I love hearing about community supported organizations

I think the best sign that a nonprofit organization is worth your time is hearing stories of what the people it has helped are willing to do to help it. Perla Ni’s organization, GreatNonprofits.org is doing this. Yale professor of political science and economics, Chris Blattman, today brought Meeting Point, an AIDS hospice run by his friend Ketty Opoka, to my attention:

From the Times‘ Freakonomics blog:

When floods struck Meeting Point’s headquarters in 2007 …[they had to]… move to higher ground or risk further flooding, Meeting Point secured a plot of land from the local Catholic Church.

Opoka asked her clients to help clear the land. So many volunteers showed up that Meeting Point’s staff had to implement a rotating shift schedule for the land clearing. The local hospital’s doctors told Opoka that while the land was being cleared, Meeting Point clients showed up early for their ARV [anti-retroviral drug treatment] regimes, toting hoes and shovels and begging doctors to wait on them first so they could head to Meeting Point for their shifts.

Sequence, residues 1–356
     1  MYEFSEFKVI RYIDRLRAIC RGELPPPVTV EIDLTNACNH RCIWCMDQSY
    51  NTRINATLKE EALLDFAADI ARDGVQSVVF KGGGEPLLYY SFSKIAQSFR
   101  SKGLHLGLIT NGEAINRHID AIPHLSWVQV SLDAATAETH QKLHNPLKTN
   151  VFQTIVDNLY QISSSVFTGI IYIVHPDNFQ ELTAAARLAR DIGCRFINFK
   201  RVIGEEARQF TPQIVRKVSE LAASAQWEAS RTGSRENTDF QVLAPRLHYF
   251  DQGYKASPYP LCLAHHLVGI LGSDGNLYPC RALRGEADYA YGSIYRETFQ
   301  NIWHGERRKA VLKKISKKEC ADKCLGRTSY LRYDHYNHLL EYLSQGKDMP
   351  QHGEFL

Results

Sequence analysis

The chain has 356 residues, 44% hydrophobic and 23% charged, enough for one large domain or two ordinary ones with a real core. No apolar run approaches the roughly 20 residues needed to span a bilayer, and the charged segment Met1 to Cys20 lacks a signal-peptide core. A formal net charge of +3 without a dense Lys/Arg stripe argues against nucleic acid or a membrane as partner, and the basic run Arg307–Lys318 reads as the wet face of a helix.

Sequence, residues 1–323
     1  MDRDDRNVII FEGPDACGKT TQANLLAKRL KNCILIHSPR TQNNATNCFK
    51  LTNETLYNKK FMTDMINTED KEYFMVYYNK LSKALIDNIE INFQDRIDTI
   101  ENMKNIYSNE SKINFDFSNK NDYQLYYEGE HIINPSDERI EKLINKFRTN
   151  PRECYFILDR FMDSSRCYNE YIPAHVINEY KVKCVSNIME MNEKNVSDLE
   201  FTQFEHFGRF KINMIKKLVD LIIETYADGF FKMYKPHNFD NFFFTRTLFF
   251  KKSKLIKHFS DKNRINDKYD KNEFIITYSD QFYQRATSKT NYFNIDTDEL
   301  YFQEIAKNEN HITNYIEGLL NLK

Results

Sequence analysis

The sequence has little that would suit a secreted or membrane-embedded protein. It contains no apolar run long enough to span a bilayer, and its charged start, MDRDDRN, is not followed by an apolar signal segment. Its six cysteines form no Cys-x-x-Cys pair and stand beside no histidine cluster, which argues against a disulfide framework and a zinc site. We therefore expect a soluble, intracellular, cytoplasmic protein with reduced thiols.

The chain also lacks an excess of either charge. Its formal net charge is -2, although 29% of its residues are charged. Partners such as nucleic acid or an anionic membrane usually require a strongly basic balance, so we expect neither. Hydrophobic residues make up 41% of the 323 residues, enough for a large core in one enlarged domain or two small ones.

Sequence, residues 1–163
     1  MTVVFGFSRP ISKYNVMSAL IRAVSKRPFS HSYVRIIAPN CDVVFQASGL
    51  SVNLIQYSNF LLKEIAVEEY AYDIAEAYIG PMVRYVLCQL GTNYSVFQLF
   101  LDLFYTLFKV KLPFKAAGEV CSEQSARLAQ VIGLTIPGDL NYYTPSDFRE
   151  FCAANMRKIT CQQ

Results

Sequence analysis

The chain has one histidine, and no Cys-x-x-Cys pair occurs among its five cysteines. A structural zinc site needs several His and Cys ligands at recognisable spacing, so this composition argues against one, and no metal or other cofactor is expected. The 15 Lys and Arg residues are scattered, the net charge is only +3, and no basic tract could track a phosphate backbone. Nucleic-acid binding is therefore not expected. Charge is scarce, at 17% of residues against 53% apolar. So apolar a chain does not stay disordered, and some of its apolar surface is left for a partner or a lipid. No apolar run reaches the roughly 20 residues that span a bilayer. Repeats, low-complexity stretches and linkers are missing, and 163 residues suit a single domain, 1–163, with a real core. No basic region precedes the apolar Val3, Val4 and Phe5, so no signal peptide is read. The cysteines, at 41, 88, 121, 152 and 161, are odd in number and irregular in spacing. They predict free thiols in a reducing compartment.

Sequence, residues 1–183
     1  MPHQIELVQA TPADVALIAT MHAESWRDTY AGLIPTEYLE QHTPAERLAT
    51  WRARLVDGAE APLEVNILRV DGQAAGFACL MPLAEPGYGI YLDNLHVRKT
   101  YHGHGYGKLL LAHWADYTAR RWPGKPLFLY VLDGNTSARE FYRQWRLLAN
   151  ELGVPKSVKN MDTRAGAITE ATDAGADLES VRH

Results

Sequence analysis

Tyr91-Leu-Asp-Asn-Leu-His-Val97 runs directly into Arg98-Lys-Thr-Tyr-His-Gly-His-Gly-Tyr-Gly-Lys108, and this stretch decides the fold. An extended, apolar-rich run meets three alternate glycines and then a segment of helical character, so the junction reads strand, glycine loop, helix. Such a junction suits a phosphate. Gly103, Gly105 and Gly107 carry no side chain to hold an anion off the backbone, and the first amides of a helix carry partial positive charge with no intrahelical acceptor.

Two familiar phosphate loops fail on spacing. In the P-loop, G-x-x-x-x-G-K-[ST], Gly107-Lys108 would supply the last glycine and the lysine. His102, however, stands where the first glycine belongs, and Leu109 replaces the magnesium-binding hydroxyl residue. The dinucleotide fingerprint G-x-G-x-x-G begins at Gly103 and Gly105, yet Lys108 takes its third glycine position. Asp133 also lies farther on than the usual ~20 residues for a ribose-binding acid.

You’ll Chris Blattmanbe hard pressed to find a worthier cause,” – Chris Blattman added.

We want to do our part, and there are ways Chris Blattman or anyone can help. He could have nominated this organization to join GlobalGiving at our open page, using the 3rd party nomination form. GlobalGiving will follow-up and hopefully get them into a new project challenge that will increase the chance someone reads about the organization and gives.

Marc Maxmeister

Marc Maxmeister is a PhD neuroscientist who helps coordinate the GlobalGiving Storytelling project, an experiment to provide all organizations with a richer, more complex view of the communities they serve. His title reflects our focus on learning from experiments. He was formerly a Peace Corps Volunteer in The Gambia (1999-2001) and did a Fulbright research project around the impact of computers and the Internet on rural education in West Africa. He loves to teach, and has taught graduate-level Neuroscience at Kenyatta University in Kenya and Python to middle school students in London, UK. He blogs at chewychunks.wordpress.com and is the author of several books, including Ebola: Local voices, hard facts (2014).

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